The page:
Be sure to let the sangria concentrate hang out in the fridge for at least 48 hours to maximize the fruit’s infusion into the wine.

(Anita L. Arambula/Confessions of a Foodie)

Ani’s Spanish Sangria

Keep a pitcher in the fridge with the concentrate ready to go.
Makes enough concentrate for 10 cocktails

1 apple, cored and sliced
1 orange, sliced
1 lemon, sliced
1 lime, sliced
½ cup strawberries, hulled and sliced
½ cup raspberries
1 bottle Spanish Rioja, red
1½ cups brandy
¾ cup caster sugar

Lime and lemon-flavored soda such as Sprite or 7-Up (or club soda)
Extra berries or sliced oranges for garnish

Layer the first six ingredients in a large gallon-size pitcher. In a separate pitcher, combine wine, brandy and sugar. Whisk until sugar fully dissolves. Pour into the fruit pitcher. Cover and let marinate in the refrigerator at least overnight (I make mine three days before my party). When ready to serve, pour the sangria concentrate into an ice-filled glass, stopping halfway. Top off with soda and add fresh fruit to the glass for garnish.

Storage notes: The concentrate keeps in the refrigerator for up to a week, or longer if the fruit is removed (add fresh fruit when serving).

Make it party-style: The day of your party, do not strain the concentrate. Add it to a 1.75- to 2-gallon beverage server with spout. Pour in a 2-liter bottle of lemon-lime soda, stirring gently to combine. To avoid diluting the sangria, add ice to individual glasses and not to the beverage server.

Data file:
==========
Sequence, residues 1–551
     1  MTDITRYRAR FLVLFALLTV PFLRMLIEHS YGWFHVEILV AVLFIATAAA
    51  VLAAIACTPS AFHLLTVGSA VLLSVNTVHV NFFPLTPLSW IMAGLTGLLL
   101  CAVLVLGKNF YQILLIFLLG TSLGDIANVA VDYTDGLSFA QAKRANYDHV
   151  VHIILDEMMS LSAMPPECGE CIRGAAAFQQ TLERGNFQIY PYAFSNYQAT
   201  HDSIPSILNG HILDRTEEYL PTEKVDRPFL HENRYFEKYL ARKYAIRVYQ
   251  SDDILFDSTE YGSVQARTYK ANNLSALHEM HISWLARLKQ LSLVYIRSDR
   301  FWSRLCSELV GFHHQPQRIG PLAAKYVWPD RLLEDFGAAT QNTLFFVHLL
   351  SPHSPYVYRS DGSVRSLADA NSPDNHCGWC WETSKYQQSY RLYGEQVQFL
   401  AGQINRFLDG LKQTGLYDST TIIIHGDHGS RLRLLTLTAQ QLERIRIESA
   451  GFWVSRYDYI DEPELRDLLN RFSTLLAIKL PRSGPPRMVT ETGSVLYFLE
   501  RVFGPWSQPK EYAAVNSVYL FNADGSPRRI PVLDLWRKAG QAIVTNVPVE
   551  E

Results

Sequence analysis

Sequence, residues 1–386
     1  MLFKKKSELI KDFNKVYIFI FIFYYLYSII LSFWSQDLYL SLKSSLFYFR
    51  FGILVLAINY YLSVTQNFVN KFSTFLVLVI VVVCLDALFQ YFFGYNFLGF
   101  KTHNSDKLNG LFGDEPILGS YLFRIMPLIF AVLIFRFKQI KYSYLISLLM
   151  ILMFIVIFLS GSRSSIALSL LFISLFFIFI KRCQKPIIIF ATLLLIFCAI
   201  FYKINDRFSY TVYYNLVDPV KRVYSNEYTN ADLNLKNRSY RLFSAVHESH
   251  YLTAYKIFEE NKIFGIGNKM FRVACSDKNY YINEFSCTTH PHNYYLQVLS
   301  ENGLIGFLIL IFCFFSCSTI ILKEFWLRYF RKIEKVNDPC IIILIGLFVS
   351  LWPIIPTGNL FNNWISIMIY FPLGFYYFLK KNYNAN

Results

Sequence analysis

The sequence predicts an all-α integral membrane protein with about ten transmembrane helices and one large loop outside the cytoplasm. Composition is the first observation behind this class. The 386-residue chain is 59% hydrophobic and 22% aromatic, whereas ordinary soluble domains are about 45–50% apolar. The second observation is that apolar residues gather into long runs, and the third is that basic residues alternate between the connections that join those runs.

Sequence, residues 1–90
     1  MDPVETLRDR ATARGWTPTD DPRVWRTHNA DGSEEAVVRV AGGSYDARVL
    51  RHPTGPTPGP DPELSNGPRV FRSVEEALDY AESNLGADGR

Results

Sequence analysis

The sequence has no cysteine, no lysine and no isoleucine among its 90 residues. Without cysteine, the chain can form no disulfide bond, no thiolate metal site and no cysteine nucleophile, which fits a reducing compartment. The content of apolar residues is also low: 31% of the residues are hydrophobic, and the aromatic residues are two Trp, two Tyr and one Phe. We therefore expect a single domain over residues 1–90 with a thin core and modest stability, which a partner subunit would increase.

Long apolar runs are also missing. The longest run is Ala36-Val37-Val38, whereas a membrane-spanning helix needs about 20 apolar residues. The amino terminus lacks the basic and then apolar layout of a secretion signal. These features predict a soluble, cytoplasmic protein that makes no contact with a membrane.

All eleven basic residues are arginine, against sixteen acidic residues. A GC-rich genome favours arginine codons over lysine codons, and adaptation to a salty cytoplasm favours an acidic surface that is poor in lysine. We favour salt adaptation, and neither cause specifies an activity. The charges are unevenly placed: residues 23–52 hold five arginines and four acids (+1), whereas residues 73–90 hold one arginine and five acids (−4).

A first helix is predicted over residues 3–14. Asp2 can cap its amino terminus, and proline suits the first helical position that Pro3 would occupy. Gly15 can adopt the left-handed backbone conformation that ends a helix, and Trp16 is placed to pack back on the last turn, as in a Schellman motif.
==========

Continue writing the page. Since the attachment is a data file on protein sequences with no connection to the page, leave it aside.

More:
Caster sugar, left, is ultrafine compared with standard granulated sugar, right.

Caster sugar, left, is ultrafine compared with standard granulated sugar, right.

(Anita L. Arambula / Confessions of a Foodie)

What is caster sugar?

If you’re a seasoned baker, you’ve probably come across the term “caster sugar” (above, left). If you’re not, you might be left scratching your head. Caster sugar is known by a variety of names, from caster sugar to ultrafine or superfine sugar, to baker’s sugar. Caster sugar granules are about half the size of standard granulated sugar granules (above, right). Bakers love it because it produces lighter baked goods. The finer crystals meld into butter faster, so you don’t have to spend too much time creaming (overly creaming butter and sugar can result in greasy butter).

Because the finer crystals mean that the sugar dissolves faster, it’s the perfect choice for mixing into liquids. It’s important to not confuse this ultrafine sugar with powdered sugar (also known as icing sugar or confectioner’s sugar), which is produced by mechanically pounding granulated sugar into a fine powder. I always have caster sugar in my pantry and prefer it for baking and for making simple syrups.

If you don’t have caster sugar or can’t find it at your local market (C&H sells it under the name Baker’s Sugar Ultrafine Pure Cane Sugar), you can try making your own. Just add an equal amount of regular white granulated sugar plus 1 teaspoon into a food processor fitted with the S-blade (the extra teaspoon is to account for any sugar that becomes dust and airborne or left behind in the processor). Place a clean kitchen towel over the top opening to trap dust and pulse for 1½ to 2 minutes, until the sugar becomes finer but before it becomes powder.

Recipe is copyrighted by Anita L. Arambula and is reprinted by permission from Confessions of a Foodie.

Arambula is the food section art director and designer. She blogs at, where the original version of this article published. Follow her on Instagram: @afotogirl. She can be reached at [email protected]